The dish sure does look versatile...a few spice changes here, a few technique adaptations there...and you have a very different tasting dish.   

   Nicely done
Enjoy The Food!
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Post Options Post Options   Thanks (0) Thanks(0)   Quote TasunkaWitko Quote  Post ReplyReply Direct Link To This Post Posted: 30 September 2016 at 08:54
The "skillet chicken" idea has been serving us well, lately. We have been getting a lot of very easy, very good-tasting weeknight suppers simply by browning chicken thighs or boneless/skinless breasts in the cast-iron skillet, then adding any number of different things to end up with a pretty darn nice meal.

When I saw this recipe again last week, it struck me that it can easily be adapted to the same method we've been using, and the results were worth it.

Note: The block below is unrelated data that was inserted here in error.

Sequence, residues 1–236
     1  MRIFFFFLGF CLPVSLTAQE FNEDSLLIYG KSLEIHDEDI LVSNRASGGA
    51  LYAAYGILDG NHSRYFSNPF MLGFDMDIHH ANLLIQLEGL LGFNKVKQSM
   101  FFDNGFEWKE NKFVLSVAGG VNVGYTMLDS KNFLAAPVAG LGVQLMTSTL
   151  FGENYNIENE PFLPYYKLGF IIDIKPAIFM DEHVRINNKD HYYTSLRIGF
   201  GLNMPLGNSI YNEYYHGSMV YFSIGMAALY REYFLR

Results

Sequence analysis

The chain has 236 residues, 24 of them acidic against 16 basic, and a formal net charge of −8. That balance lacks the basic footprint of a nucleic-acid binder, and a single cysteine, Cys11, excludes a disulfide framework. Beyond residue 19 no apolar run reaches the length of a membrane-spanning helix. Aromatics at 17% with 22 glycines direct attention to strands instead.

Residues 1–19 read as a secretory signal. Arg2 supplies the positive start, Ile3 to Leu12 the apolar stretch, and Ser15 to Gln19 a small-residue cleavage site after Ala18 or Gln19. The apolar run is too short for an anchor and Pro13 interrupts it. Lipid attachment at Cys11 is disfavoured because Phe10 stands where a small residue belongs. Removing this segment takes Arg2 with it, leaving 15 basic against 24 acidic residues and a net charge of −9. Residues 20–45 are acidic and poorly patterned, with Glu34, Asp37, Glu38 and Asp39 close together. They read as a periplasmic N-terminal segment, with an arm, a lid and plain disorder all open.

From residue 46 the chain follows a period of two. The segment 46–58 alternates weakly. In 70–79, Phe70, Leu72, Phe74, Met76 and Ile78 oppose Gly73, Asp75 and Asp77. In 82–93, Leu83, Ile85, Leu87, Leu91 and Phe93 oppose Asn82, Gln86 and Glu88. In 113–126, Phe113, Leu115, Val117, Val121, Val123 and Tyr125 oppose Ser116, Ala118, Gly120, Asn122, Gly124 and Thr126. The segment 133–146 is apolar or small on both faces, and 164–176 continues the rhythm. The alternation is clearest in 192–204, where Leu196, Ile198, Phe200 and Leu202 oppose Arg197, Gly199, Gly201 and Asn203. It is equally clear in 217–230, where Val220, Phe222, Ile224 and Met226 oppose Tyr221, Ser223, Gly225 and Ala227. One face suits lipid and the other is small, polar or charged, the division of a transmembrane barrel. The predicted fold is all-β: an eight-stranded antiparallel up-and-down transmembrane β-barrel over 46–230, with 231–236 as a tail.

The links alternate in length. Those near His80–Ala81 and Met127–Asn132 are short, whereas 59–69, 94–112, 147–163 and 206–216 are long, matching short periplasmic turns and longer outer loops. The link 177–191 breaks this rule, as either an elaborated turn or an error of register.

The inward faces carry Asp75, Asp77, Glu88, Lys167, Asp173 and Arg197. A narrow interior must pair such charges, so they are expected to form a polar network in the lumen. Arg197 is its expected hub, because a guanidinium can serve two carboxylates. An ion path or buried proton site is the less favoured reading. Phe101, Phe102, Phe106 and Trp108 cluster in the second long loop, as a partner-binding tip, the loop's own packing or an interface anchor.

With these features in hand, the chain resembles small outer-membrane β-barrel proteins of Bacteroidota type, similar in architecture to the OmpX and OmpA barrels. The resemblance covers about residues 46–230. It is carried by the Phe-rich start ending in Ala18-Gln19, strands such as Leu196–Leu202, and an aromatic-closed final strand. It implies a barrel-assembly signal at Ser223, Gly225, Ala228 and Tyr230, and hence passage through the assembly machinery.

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Post Options Post Options   Thanks (0) Thanks(0)   Quote Margi Cintrano Quote  Post ReplyReply Direct Link To This Post Posted: 30 September 2016 at 09:58
WOW ..  Wonderful ..  I see your " BARRO " ( earthenware ) ..  Looks used !  This is good sign ..

I  once posted an Aragonese r茅cipe for this dish in Iberia ..   Off top, I do not recall all the similarities or differences however,  I also use one of my ancient earthenwares ..

It is a wonderful early autumn dish .. 

Enjoy ..